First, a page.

Classic cars, fine wine, coins and racehorses: One in six investors now has money in a "hobby" investment

Francesca Washtell
Follow Francesca
Bodensee Klassik 2016 - Start In Bregenz
Classic car investments are the most likely to be driven by an investor's personal interest (Source: Getty)

Call them sentimental, but more and more investors are turning their pastimes into profits, according to a new study from Lloyds Private Banking.

One in six investors now cultivates a "hobby investment", spending on average £13,500 on a single item, though one in 10 is willing to splash out £50,000 on an individual item.

The most popular collectible asset is jewellery, though classic cars came out on top as the most expensive at an average of £34,500 per investment.

This was closely followed by antiques at £32,500 per average investment and whisky, £27,000, which oustripped fine wine at £20,300.


Classic cars – £34,500


Whisky £27,700

Coins £25,300


Stamps £20,300

Fine wine£20,300

Memorabilia £19,900

Jewellery £18,700

Watches £17,400


(Source: Lloyds Private Banking)

Read more: Investors backing small businesses after Brexit vote

However, there are also plenty of spendthrift investors out there – 25 per cent of investors are willing to spend less than £1,000 on their side money projects.

According to Lloyds, the majority of hobby investments are driven by an investor’s personal interest for the asset class – this is especially the case for classic cars, where 68 per cent of owners link their investment to personal sentiment and only five per cent say they choose to invest for purely financial reasons.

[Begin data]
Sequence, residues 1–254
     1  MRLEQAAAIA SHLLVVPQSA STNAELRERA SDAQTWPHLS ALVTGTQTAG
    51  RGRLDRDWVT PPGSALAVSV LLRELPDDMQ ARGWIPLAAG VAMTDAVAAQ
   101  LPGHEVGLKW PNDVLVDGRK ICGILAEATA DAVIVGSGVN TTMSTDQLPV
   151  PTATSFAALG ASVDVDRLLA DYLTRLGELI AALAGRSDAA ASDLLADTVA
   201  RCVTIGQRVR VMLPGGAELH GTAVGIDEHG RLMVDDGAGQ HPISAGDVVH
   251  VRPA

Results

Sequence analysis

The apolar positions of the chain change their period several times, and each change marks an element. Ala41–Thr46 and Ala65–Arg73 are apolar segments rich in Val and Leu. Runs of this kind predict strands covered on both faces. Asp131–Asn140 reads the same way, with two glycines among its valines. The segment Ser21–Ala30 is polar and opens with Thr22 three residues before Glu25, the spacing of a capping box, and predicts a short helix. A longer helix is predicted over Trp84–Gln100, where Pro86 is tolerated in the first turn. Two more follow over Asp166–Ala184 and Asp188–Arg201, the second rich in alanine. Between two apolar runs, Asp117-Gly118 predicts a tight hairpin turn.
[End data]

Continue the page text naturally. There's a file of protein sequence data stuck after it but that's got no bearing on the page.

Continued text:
Other high value asset classes predominately driven by personal interest are art (53 per cent), antiques (50 per cent), and whisky (44 per cent).

Read more: Fine wine is the best alternative investment in the post-Brexit market

"In investment terms, work and play do not need to be mutually exclusive, and with the right investment approach it is possible to make your interests pay," said Markus Stadlmann, chief information officer at Lloyds Private Banking.

"Often tangible assets, such as a painting or a timepiece, retain their value and are not eroded by inflation. Over the long-term, these types of assets do not closely correlate with more traditional equity and bond markets, and therefore offer diversification opportunities. Investing in something you enjoy is a great way to make your portfolio unique to you."

Related articles